California employees are protected under a web of interconnected state and federal labor laws. It is critical that all workers are able to exercise their rights, without the fear that they are going to face punishment from their employer. The good news is that Bay Area workers are protected against retaliation. Though, in practice, defining and proving retaliation can sometimes be difficult.
As described by the Equal Employment Opportunity Commission (EEOC) retaliation is an adverse employment action that was taken because a worker engaged in protected activity. The EEOC defines an adverse employment action as one that “might have dissuaded a reasonable worker from making a claim”.
Notably, in retaliation cases, aggregate actions by an employer can collectively qualify as retaliation. Here, our experienced San Francisco employment lawyers discuss the key Supreme Court case on this issue, and explain what all workers in the Bay Area need to know if they believe that they are facing retaliation due to their protected activities.
The Supreme Court Defines Adverse Employment Actions
In the late 1990s, Sheila White was the only female employee working at the Tennessee railyard for Burlington Northern & Santa Fe. At that time, she alleged that she was facing sexual harassment and gender discrimination from her immediate supervisor. When she raised the issue to the company, the supervisor was suspended for ten days and ordered to take a class of workplace discrimination.
However, soon after this, White was reassigned to a less desirable position within the company. She filed a complaint, alleging that her previous complaint of discrimination was a motivating reason for the reassignment. The company responded that she did not lose any salary or benefits, therefore there was no adverse employment action. Eventually, this case (Burlington Northern & Santa Fe Railway Company v. White) went to the Supreme Court.
In its holding, the Supreme Court made it clear that the law requires that the actions of the employer must be viewed in their totality. In other words, aggregate actions can constitute retaliation, if, taken together, the actions would dissuade a reasonable employee from exercising their rights.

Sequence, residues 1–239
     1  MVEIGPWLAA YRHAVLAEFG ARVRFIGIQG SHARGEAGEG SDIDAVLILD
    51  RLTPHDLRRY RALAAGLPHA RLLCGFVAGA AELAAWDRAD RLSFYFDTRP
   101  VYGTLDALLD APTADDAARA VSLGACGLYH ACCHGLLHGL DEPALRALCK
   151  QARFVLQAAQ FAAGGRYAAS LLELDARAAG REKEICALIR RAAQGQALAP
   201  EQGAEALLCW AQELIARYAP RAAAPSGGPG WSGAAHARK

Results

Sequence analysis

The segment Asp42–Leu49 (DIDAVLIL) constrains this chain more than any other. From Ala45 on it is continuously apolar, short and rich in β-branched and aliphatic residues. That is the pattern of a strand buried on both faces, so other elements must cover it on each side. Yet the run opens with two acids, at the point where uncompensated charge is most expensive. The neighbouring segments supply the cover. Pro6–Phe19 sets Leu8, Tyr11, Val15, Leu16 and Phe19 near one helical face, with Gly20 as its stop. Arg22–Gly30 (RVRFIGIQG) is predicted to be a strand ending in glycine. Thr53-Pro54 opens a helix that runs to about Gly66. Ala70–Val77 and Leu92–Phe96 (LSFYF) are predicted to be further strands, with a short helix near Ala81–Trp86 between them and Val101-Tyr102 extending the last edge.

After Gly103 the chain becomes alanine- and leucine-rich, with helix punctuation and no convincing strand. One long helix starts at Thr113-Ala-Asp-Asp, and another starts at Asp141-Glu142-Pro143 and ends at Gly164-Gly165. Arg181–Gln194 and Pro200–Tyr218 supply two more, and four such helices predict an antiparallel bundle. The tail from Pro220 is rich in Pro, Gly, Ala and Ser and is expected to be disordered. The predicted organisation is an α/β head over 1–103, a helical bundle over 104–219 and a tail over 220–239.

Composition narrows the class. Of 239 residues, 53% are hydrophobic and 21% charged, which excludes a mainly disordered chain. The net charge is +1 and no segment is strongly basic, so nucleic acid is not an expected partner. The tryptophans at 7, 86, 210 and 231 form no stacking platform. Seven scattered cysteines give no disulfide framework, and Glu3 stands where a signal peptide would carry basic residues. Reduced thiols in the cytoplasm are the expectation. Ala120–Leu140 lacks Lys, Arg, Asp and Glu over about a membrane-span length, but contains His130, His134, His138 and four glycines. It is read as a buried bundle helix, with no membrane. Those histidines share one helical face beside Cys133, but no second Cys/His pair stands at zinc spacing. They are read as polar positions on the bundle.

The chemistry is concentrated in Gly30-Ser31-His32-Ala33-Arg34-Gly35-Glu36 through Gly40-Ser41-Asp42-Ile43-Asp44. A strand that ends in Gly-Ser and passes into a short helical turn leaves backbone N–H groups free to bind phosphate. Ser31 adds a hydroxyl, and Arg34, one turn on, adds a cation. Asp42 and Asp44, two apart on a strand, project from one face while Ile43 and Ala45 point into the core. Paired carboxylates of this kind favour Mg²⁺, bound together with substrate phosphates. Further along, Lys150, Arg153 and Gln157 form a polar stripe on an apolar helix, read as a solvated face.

The Takeaway for Employees in Northern California
If you are a Bay Area worker who has reported sexual harassment, blown the whistle on fraud or unlawful behavior, filed a discrimination claim, or engaged in any other type of protected activity, please be aware that you have important legal rights. Sadly, employers sometimes break the law. It is an unfortunate fact, but you may face illegal retaliation because you have exercised your rights. In some cases, employers will do very subtle things to try to annoy and ‘get back’ at a worker.
If this is happening to you, you should carefully document everything that has occurred. Get that information into the hands of an experienced California employment law attorney as soon as possible. Your attorney will be able to help you take whatever action is required to protect your rights.
Contact Our Bay Area Employment Law Attorneys
At Bracamontes & Vlasak, our Northern California employment lawyers have deep experience handling retaliation claims. If you are a worker and you believe that you have faced unlawful adverse employment action, please contact us today for a free consultation. With an office in San Francisco, we represent clients throughout the Bay Area, including in Fremont, Santa Rosa, Hayward, Sunnyvale, and Santa Clara.